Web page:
POA Circulars

101 | 14.12.2015

HEALTH & SAFETY CHECKING ON PRISONERS WELFARE

NOMS has recently published abstracts from PSI 75/2011 following recent PPO Reports and Coroner’s Inquests who have highlighted several occasions where establishments have not followed the good practice procedures, in respect of “Residential Services” checking on the welfare of prisoners during roll checks, at unlock and lock up.

The NEC believe there are serious underlying issues which result in these failings which NOMS has consistently failed to address, placing staff and prisoners at risk.

NOMS bulletin highlights the principles of checking on prisoners’ welfare; and provides case studies of where the PSI has not been fully adhered to; and offers some prompts for improved practice.

PSI 75/2011 states that:

‘Reports from the Prisons and Probation Ombudsman on deaths in custody have identified cases in which a prisoner has died overnight, apparently from natural causes, but staff unlocking them have not noticed that the prisoner had died. This is not acceptable.

The NEC question that if this was the case in 2011, why has NOMS failed to ensure that all Benchmark reports, staffing, regimes and safe systems of work not been amended to ensure this vital area of work is maintained. 

The specification requires there to be positive engagement between staff and prisoners and for prisoners to be supported and their daily needs met, and this clearly requires some form of interaction or conversation to take place at times during the day. The appropriate arrangements will depend on the local regime, but there need to be clearly understood systems in place for staff to assure themselves of the well-being of prisoners during or shortly after unlock.’


NOMS has provided these Central Learning Points

 

  • Establishments should ensure that when a cell door is unlocked, and when an Officer enters a cell, staff satisfy themselves of the safety and welfare of the prisoner and that there are no immediate issues that need attention.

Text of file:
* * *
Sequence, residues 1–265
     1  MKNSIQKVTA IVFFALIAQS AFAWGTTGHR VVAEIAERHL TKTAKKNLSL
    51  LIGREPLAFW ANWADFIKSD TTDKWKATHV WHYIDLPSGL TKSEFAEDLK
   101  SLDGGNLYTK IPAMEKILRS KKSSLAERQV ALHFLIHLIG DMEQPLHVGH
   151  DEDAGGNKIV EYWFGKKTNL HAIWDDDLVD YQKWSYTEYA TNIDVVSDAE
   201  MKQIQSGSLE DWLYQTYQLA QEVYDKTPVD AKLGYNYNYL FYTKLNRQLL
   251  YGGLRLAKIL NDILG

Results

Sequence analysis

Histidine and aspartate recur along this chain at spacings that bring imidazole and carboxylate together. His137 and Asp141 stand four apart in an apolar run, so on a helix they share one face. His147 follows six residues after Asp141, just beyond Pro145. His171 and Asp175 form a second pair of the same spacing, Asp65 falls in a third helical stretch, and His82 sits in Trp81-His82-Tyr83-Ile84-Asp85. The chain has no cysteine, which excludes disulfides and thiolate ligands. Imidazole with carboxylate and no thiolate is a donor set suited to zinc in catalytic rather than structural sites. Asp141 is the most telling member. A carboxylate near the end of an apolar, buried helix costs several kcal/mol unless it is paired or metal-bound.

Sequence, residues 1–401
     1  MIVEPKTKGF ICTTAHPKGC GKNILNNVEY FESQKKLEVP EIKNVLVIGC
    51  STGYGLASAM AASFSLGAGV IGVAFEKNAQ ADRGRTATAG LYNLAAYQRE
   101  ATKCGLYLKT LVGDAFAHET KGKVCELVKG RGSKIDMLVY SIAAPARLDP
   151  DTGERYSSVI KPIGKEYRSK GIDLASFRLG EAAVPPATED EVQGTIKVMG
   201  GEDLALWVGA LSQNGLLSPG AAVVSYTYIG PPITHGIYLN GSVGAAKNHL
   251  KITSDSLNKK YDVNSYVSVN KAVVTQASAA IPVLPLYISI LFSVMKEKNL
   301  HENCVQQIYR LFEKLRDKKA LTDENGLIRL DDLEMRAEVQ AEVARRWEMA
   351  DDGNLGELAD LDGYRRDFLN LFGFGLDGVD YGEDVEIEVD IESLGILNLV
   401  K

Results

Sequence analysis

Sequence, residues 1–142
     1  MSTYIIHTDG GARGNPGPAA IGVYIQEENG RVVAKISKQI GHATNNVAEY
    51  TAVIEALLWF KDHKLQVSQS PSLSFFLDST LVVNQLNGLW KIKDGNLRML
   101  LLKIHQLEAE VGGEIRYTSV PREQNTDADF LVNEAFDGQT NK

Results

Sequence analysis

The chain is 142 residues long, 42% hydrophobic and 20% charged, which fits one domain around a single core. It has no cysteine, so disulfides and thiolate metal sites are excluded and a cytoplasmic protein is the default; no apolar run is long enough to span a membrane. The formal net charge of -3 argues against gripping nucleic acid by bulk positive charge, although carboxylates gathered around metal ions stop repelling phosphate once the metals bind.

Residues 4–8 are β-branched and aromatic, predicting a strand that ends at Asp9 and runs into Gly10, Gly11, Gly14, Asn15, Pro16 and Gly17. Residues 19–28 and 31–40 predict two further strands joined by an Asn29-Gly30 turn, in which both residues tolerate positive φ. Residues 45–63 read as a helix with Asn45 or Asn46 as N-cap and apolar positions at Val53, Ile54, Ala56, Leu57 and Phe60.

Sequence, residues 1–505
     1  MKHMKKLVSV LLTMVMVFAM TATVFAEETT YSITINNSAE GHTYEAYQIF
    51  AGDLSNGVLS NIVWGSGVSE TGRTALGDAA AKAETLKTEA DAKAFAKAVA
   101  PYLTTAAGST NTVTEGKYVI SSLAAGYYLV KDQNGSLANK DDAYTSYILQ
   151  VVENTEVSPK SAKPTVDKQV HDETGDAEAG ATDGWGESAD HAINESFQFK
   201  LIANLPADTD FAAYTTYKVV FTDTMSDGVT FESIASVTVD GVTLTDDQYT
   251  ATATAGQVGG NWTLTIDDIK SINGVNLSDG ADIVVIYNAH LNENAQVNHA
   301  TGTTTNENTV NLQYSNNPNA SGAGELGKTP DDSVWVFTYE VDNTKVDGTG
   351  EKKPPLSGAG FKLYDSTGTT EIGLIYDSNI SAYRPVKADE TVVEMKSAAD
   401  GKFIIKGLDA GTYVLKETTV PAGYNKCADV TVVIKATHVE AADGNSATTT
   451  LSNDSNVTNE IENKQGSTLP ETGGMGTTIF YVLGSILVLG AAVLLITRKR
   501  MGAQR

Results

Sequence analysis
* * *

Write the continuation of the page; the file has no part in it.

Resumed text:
• Establishments should ensure that their staff are aware of the requirements around welfare checks at unlock and that their Local Security Strategy reflects these requirements.
  • Establishments should ensure that staff are adequately trained to undertake welfare checks at night, especially if they have previously had limited or no experience of prisoner supervision and welfare checks.


The NEC welcomes this information from NOMS, but believes that it is indicative of the real problems in prisons, due to chronic staff shortfalls, the lack of training, provision of regime and the drive from the centre to do more with less resource.

The NEC urges all branch committees to raise the points outlined by NOMS above to ensure that all local risk assessments, safe systems of work are reviewed. Individual training needs addressed immediately to ensure all staff are competent to carry out this work on a daily basis. It is clear that if this essential work is not or has not been completed satisfactorily then the core day and regimes need reviewing and amending to facilitate these checks.  


Please draw the contents of this circular to your members and raise the issues with management.

Thanking you in anticipation of your co-operation and support.

Yours sincerely



STEVE GILLAN
General Secretary